Counter Culture Serves Up Critter-Free Comfort Food



Austin’s critter-free comfort food restaurant

The US is deep in a health-care crisis, based largely on how people eat – and largely is the operative word. The Centers for Disease Control and Prevention report an American obesity epidemic, with obesity rates doubling for adults (and tripling for children) since 1980. Obesity and poor diet are associated with heart disease, cancer, Type 2 diabetes, and high blood pressure – the Four Horsemen of disease.

Consumer awareness is increasing demand for good, healthy food – and as they reexamine what they eat, people also want alternative food sources that fit their evolving values and standards. In some cases, that means animal-free food.

Cow flatulence – was Reagan right?

Animal agriculture, by some estimates, is responsible for eighteen percent of greenhouse gas emissions – more than all transportation combined – and for eighty to ninety percent of US water consumption. Awareness is also growing about the inhumane conditions and environmental toll of corporate farming practices that are commonly part of bringing animal products to the dinner table.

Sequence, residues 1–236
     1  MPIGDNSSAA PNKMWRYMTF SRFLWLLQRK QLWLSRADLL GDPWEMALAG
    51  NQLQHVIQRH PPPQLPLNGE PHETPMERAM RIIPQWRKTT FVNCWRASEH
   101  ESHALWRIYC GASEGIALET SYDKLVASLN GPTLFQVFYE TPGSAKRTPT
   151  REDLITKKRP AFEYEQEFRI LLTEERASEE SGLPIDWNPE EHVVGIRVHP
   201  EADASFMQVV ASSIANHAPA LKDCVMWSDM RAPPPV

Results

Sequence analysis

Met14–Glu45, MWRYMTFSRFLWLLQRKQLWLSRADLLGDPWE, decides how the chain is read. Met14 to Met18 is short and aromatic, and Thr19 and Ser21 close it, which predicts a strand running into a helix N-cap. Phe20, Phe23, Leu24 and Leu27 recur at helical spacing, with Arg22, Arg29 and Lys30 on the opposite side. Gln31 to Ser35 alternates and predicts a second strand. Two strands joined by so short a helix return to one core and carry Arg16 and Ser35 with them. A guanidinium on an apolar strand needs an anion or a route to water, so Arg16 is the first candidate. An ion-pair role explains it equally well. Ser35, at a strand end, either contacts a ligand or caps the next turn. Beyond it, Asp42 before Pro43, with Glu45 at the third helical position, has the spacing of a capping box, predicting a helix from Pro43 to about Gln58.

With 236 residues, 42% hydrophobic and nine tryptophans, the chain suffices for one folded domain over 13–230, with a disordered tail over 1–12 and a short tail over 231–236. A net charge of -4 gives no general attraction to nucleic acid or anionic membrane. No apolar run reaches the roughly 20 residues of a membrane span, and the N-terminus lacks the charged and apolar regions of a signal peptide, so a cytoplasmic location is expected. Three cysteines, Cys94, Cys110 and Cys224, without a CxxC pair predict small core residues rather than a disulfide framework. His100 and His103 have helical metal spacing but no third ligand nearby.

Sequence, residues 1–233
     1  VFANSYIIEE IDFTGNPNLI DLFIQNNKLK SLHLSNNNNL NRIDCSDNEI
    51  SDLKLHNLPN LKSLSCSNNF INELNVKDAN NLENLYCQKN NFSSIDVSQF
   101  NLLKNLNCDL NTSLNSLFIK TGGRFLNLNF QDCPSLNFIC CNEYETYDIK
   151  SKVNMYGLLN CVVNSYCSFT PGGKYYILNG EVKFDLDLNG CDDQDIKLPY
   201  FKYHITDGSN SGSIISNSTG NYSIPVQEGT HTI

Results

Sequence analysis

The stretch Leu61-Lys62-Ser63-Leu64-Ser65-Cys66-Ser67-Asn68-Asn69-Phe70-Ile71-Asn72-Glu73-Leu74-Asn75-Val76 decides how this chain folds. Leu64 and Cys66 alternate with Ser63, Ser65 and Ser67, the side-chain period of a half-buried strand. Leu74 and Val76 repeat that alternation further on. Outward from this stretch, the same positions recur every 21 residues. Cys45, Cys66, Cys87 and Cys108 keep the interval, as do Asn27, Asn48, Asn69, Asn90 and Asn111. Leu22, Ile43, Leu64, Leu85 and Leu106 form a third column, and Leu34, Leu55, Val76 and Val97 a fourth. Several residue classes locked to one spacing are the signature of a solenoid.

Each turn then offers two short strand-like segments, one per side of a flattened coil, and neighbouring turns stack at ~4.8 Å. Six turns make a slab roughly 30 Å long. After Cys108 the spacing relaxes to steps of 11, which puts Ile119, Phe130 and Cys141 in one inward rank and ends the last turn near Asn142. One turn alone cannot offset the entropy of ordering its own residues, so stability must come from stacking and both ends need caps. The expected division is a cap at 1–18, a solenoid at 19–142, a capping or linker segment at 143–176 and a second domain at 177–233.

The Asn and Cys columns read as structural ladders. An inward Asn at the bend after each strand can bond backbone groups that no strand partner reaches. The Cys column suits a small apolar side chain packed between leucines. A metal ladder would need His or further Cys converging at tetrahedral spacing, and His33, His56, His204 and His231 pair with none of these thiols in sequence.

In Austin, if there’s a demand for a type of food, there’s a trailer. Sue Davis opened Counter Culture, Austin’s first all-vegan food trailer, in 2009. Three years later, she had investors – and a brick and mortar location for Counter Culture Restaurant in the heart of the new, improved, and happening Central East Side.

Sprouts and tofu cubes over brown rice, right? Nope. Try Mac’n’Cheeze, Walnut Beet Burgers, Artichoke Dip, Coconut Cream Pie, local beer and wine. Sounds like comfort food, and it is – without cholesterol or cruelty. Counter Culture is part of a new breed of vegan dining that’s introducing people to new food choices by serving flavorful meals, made from scratch, that promote long-term good health.

The menu at Counter Culture is designed to minimize waste, 95% of which is compostable and/or recyclable. To minimize environmental impact, Sue obtains as many ingredients as possible from local food sources, reducing energy expended in bringing them to market. Inspired by sustainable development, she emphasizes organic ingredients.

Counter Culture is also a community gallery for local artists and hosts fundraisers, documentary screenings, and informative speakers. Oh, and it isn’t entirely animal-free, technically – there’s a dog-friendly patio.

Counter Culture Restaurant serves made from scratch plant-based food, with soy and gluten-free options, Tuesday-Sunday, 11am-10pm. Weekly specials, weekend brunch. 2337 E. Cesar Chavez (at Clara), 78702.





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